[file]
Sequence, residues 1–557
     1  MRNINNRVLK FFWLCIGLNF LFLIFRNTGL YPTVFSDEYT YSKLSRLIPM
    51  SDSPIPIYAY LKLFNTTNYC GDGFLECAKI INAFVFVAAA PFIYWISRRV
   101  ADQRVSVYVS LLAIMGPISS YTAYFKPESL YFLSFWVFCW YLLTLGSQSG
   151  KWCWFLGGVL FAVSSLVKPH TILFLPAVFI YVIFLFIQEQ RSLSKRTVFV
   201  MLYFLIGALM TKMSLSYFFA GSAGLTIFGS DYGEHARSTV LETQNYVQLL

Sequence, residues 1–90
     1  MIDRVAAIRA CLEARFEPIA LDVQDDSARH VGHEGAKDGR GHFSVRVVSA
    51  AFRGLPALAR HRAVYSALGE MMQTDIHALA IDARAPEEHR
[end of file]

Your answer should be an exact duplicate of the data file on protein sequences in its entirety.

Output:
Sequence, residues 1–557
     1  MRNINNRVLK FFWLCIGLNF LFLIFRNTGL YPTVFSDEYT YSKLSRLIPM
    51  SDSPIPIYAY LKLFNTTNYC GDGFLECAKI INAFVFVAAA PFIYWISRRV
   101  ADQRVSVYVS LLAIMGPISS YTAYFKPESL YFLSFWVFCW YLLTLGSQSG
   151  KWCWFLGGVL FAVSSLVKPH TILFLPAVFI YVIFLFIQEQ RSLSKRTVFV
   201  MLYFLIGALM TKMSLSYFFA GSAGLTIFGS DYGEHARSTV LETQNYVQLL

Sequence, residues 1–90
     1  MIDRVAAIRA CLEARFEPIA LDVQDDSARH VGHEGAKDGR GHFSVRVVSA
    51  AFRGLPALAR HRAVYSALGE MMQTDIHALA IDARAPEEHR